Blockchain technology is often heralded by those promoting it as one of the most secure methods of handling transactions. Blockchain’s security is built upon sets of digital blocks that carry a record of the transactions in question. Each block is securely connected to all of the blocks that came before and those that will come after. It is this connection that makes it much more difficult for hackers targeting a block chain to tamper with the record of an individual transaction. In order to do so, they would have to change not just the one block with the transaction recorded in it, but every other block linked to it.
Additional blockchain technology security
Despite the inherent security offered by the basic structure of blockchains, there are other features that help to ensure the integrity of the data they contain. These include the following:
The data stored on blockchains is secured through cryptography. In simple terms, this means that every user within a network has their own private key that takes the role of a personal digital signature. Any tampering with the blockchain will result in that signature becoming invalid and the peer network immediately realising that something has gone wrong.
The decentralised nature of blockchain technology means the data is distributed across peer-to-peer networks that are always in sync and constantly updated. Unlike many sensitive sources of data, blockchains aren’t stored within a single location, meaning there isn’t an individual potential point of failure. Hackers targeting a chain will have to do much more than attack a single computer or network. Instead, they would have to be able to access a majority of all of the points contained within a specific blockchain and change them all simultaneously. This means that the larger the blockchain is, the more secure it becomes, with bigger networks being far more resistant to any attempts to tamper with them.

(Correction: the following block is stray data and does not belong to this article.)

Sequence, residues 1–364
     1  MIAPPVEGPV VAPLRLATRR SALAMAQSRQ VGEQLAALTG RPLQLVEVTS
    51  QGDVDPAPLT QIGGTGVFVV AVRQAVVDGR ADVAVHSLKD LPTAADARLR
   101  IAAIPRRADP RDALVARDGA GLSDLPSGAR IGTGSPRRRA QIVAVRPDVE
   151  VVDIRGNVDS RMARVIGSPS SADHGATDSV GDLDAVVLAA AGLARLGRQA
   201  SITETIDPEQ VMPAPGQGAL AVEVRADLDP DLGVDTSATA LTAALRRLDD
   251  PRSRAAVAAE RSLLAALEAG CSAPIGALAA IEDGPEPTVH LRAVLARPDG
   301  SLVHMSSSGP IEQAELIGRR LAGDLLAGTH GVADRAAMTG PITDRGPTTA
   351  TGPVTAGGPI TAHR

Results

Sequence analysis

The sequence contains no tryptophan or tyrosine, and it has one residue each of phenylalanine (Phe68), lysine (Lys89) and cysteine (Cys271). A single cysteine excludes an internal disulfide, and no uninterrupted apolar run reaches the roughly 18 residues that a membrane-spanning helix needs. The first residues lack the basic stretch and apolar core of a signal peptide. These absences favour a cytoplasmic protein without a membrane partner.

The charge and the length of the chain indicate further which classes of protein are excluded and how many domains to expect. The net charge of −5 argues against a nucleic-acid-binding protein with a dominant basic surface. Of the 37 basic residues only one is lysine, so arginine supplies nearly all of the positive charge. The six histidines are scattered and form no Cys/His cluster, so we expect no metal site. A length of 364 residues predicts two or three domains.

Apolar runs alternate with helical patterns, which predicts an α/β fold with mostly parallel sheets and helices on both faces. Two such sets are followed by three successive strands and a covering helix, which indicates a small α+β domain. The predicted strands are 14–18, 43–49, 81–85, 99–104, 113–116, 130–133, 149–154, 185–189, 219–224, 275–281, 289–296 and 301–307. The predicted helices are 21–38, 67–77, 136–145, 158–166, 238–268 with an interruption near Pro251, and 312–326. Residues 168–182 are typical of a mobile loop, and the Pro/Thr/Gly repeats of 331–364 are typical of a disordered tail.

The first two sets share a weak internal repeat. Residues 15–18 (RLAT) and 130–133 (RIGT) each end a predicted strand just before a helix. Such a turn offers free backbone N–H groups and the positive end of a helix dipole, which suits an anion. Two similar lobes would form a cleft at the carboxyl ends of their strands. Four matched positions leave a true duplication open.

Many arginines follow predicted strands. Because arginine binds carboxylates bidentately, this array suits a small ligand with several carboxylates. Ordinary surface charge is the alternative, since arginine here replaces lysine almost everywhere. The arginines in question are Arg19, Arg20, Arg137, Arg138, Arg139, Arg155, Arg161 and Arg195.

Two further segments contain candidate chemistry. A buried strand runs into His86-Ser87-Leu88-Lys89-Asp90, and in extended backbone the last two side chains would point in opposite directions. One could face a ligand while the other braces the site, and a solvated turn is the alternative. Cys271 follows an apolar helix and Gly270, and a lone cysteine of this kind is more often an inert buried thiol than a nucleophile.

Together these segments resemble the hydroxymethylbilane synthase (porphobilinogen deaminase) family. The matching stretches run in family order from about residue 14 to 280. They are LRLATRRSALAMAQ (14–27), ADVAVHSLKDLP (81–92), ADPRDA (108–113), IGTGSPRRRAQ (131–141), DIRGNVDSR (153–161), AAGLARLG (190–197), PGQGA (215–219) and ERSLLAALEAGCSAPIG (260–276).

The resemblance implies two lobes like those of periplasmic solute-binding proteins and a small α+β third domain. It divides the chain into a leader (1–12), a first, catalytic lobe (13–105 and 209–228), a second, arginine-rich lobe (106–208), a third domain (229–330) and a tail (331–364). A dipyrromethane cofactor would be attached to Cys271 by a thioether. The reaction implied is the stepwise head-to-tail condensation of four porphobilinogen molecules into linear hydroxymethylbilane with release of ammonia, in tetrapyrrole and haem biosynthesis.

Types of blockchain
Rather than simply relying on the nature of blockchain provision to ensure that the data you store in this way is secure, you can take proactive steps to boost security.
The first aspect of the technology to consider is that there are now two types of blockchain – private and public. Public blockchains work via computers that are connected to the public internet. These computers validate transactions, create the blocks and add to the ledger. Any computer connected to the internet can join a public network – the most famous example of a public blockchain network is probably Bitcoin. Where private blockchains are concerned, only organisations that are known are invited to join, creating a members-only network.
The difference between the two types of network affects where the data in question is stored and who is able to access it. This alone might drive your organisation toward one type of blockchain or another, as might the ways in which the types of blockchain are organised.
Ensuring maximum blockchain security
In simple terms, a public blockchain is based on the concept of all participants remaining fully anonymous, while private blockchains use the identity of the members in order to control access to specific privileges and to maintain control over the people or organisations they are dealing with.
Anyone creating a private blockchain can ensure maximum security in the following ways:
Inspect the IT infrastructure the blockchain will use for existing vulnerabilities
Establish security protocols preventing anyone accessing the most sensitive data
Block any attempts to change applications or data across the network
We Can Help
If you’re interested in finding out more about blockchain security, or any other aspect of your business finances, then get in touch with our financial experts at GoCardless. Find out how GoCardless can help you with ad hoc payments or recurring payments.